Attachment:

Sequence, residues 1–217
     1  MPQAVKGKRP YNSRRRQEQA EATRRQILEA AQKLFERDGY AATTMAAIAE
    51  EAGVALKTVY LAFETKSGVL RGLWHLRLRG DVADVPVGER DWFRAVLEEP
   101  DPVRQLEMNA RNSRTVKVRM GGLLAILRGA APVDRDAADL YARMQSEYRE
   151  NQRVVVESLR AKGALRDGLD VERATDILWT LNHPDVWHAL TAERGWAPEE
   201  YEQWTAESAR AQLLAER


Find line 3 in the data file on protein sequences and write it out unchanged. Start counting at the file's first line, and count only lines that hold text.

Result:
    51  EAGVALKTVY LAFETKSGVL RGLWHLRLRG DVADVPVGER DWFRAVLEEP